Ask The Doc - Multiple Sclerosis

Thursday, January 14, 2016

Question: How does the winter affect Multiple Sclerosis?

By Sarah Kailhofer, Clinical Nurse, Columbia St. Mary’s 

Many people who are diagnosed with Multiple Sclerosis (MS) are aware of how their symptoms are impacted during warm weather. But many are often unaware that MS is also often affected by the cold.

A common symptom experienced by patients with MS is spasticity. Spasticity is a condition characterized by muscle stiffness and, sometimes, sudden muscular contractions. It can be very uncomfortable and can impair a person’s ability to move. Winter is a time when patients often experience an increase in spasticity. Increased spasticity may also be triggered by other conditions such as high humidity, poor posture or an illness, such as the cold or flu.

If you are experiencing increased spasticity, there are several things you can do. One important health activity for all MS patients is maintaining a regular exercise program to maintain strength and flexibility. People who experience spasticity specifically benefit from an exercise program that includes stretching and strengthening exercises. Yoga and Tai Chi are excellent exercises for people with mobility limitations to increase their flexibility. These practices also emphasize mindfulness, which has the added benefit of stress reduction.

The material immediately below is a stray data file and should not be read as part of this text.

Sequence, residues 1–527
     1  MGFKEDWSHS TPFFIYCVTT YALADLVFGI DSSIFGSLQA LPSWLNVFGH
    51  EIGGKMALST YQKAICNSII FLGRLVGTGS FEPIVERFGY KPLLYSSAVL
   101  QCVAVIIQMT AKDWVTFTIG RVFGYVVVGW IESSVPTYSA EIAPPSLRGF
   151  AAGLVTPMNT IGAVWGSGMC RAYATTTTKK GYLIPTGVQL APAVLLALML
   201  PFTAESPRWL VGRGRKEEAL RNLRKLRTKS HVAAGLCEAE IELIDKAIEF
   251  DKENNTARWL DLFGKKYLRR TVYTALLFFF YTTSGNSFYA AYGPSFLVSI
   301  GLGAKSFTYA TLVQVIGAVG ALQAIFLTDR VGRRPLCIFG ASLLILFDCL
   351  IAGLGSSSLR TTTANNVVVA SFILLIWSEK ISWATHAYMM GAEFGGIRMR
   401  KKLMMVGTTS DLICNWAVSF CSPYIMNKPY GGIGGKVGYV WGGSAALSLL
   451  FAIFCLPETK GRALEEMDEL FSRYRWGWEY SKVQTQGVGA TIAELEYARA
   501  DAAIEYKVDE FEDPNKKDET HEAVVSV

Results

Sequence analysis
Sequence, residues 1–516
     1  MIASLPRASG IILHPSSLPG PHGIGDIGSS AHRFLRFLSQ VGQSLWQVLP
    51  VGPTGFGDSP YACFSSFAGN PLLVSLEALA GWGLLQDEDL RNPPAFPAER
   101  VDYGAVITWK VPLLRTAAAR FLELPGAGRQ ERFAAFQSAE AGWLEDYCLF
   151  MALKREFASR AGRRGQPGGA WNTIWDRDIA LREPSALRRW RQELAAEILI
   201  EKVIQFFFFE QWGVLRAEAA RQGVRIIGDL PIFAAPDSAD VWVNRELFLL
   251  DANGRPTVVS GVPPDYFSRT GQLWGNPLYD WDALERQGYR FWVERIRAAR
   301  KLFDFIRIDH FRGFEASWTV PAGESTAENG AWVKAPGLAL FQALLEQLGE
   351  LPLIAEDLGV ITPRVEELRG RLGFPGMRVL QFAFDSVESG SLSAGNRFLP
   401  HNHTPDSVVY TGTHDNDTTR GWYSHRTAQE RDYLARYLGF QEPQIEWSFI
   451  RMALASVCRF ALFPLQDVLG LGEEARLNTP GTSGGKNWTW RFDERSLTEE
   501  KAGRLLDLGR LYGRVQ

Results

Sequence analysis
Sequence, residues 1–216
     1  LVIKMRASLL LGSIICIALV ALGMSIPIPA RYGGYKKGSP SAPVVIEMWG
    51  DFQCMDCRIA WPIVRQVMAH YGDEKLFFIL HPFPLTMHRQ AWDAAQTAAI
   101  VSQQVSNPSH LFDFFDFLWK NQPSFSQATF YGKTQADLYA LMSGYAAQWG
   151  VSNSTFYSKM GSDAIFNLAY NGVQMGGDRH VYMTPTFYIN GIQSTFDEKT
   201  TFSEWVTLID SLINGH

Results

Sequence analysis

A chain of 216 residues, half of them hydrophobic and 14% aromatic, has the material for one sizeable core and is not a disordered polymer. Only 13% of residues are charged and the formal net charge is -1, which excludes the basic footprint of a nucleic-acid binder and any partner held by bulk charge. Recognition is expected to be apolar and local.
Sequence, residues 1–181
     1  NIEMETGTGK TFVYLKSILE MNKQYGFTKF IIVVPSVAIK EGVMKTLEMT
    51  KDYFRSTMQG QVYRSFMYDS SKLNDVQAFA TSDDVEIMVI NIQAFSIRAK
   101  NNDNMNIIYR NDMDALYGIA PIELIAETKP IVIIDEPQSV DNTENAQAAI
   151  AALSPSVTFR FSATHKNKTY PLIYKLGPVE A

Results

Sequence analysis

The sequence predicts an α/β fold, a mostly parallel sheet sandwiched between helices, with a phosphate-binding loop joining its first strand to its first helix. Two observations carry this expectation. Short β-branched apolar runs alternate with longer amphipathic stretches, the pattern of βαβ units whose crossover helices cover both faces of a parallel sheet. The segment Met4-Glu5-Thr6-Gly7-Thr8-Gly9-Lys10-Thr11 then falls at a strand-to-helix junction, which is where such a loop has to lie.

A physical therapist (PT) is also an excellent resource to assist with spasticity difficulties. A PT can not only make sure you are doing the right kind of exercises for your particular case, but they can also evaluate you to see if you would benefit from any braces or other assistive devices to help you maintain correct body mechanics and move around safely. Columbia St. Mary’s Sacred Heart Outpatient Rehabilitation Program has therapists available who are specially trained to work with patients who have MS and other neurological problems, such as Parkinson’s disease, traumatic brain injuries or stroke.

Medications may also be useful to help relax the spastic muscles. Some patients will need to take these medications regularly; others may need to use them only on an as-needed basis. Your neurologist can help determine which medication and dosage is appropriate.

Lastly, it’s important for all patients to remember that as winter sets in across Wisconsin, with icy conditions outside and the possibility of wet floors inside, slips and falls are far more prevalent. Pay close attention when walking on slippery surfaces, wear slip resistant footwear, and use any appropriate assistive devices you may need such as a cane or walker to maintain your balance.

For more information, please call the Columbia St. Mary’s Multiple Sclerosis Clinic at 414-585-1771.


This article appeared in the Thursday, January 14, issue of The Ozaukee News Graphic.

 

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